They allowed us more freedom of expression; they encouraged independent and innovative thinking.  When we took up Homer, we simply kept a journal about what we read and we could say anything at all about our readings.  The Communication Arts classes that included Scriptwriting, Journalism, Film and Television classes were child’s play.  Our German professor, Dr. Wolfgang Harting, liked us and gave us a lot of leeway to explore this new major, Communication Arts. For instance, he allowed us to earn credits if we apprenticed in a media office for the summer.  I worked in a TV station for a summer and got an “A.”  Our Spanish teacher, Mr. Magsaysay also allowed the Communication Arts students to present a program in lieu of a dreaded written exam.   

School truly was fun.

It was also the time when we met young men in soirees and parties; but somehow in a smaller college it was easier to remain focused on academic work even while we socialized. I was a consistent dean’s lister. Frankly, I think in a small college teachers can spoon feed the students. But whatever the case may be I learned a lot and was enthusiastic about going to graduate school.  I loved movies and decided I wanted to be a film maker.

In my senior year, I looked up the best schools for film making, narrowing it down to UCLA (University of California in Los Angeles). I took the necessary GRE and applied and was accepted. However there was a six-month gap between graduation and my departure for California, time I spent working in a new government office, the National Media Production Center.  This office was revamped by then-President Ferdinand Marcos and we (Communication Arts majors) had received invitations to work there. Four Maryknollers worked there in various departments. I was in Documentary Film making but to be honest I didn’t know very much and the senior staff members covered for me a lot. They were quite proud of the four Maryknollers in their midst and they used to spoil us. Eventually the other three Maryknollers did contribute a lot to the office, but since I left for UCLA soon after being there, they didn’t get much from me.  During this time of my life, I was simply unfocused and didn't know what to do with myself. Some of our classmates had gotten married, and I didn't know if I should follow that path, but at the same time, I was aware that the young men who hung around were not right for me. (One fellow thought it was perfectly all right for him and his buddies to go drinking and be with prostitutes!)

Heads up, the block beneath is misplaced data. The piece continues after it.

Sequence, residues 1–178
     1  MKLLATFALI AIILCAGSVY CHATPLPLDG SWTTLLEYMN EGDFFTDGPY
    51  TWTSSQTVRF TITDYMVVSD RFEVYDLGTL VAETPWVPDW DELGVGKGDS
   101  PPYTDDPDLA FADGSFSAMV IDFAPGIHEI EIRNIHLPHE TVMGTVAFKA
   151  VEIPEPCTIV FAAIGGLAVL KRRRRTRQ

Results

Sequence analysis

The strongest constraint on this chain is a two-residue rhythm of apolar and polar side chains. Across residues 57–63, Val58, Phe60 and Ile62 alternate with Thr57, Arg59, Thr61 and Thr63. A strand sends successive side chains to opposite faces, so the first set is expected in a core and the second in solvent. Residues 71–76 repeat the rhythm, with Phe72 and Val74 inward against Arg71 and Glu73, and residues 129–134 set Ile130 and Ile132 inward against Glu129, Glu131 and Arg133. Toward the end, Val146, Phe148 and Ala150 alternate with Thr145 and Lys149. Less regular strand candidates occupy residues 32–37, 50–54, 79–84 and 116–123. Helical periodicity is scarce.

Going to California with a clear-cut academic goal and a new environment to explore was an excellent alternative.

tags: Philippines, Maryknoll College, UP, University of the Philippines, Tau Alpha Fraternity, Cecilia Brainard, Quezon City, education, Filipina, National Media Production Center


Chris Doctor said...

Dear Cecilia,

Prof. Mariano Manguerra was Tau Alpha's first faculty adviser. He was a professor in civil engineering.

We have photo of him on our Tau Alpha Facebook Page.

Go to the bottom of the page and click on the photo.


Chris Doctor
Calgary, AB

Cecilia Brainard said...

Thank you Chris Doctor for letting me know. I was truly happy to see his picture; I've never seen this before! Cecilia Manguerra Brainard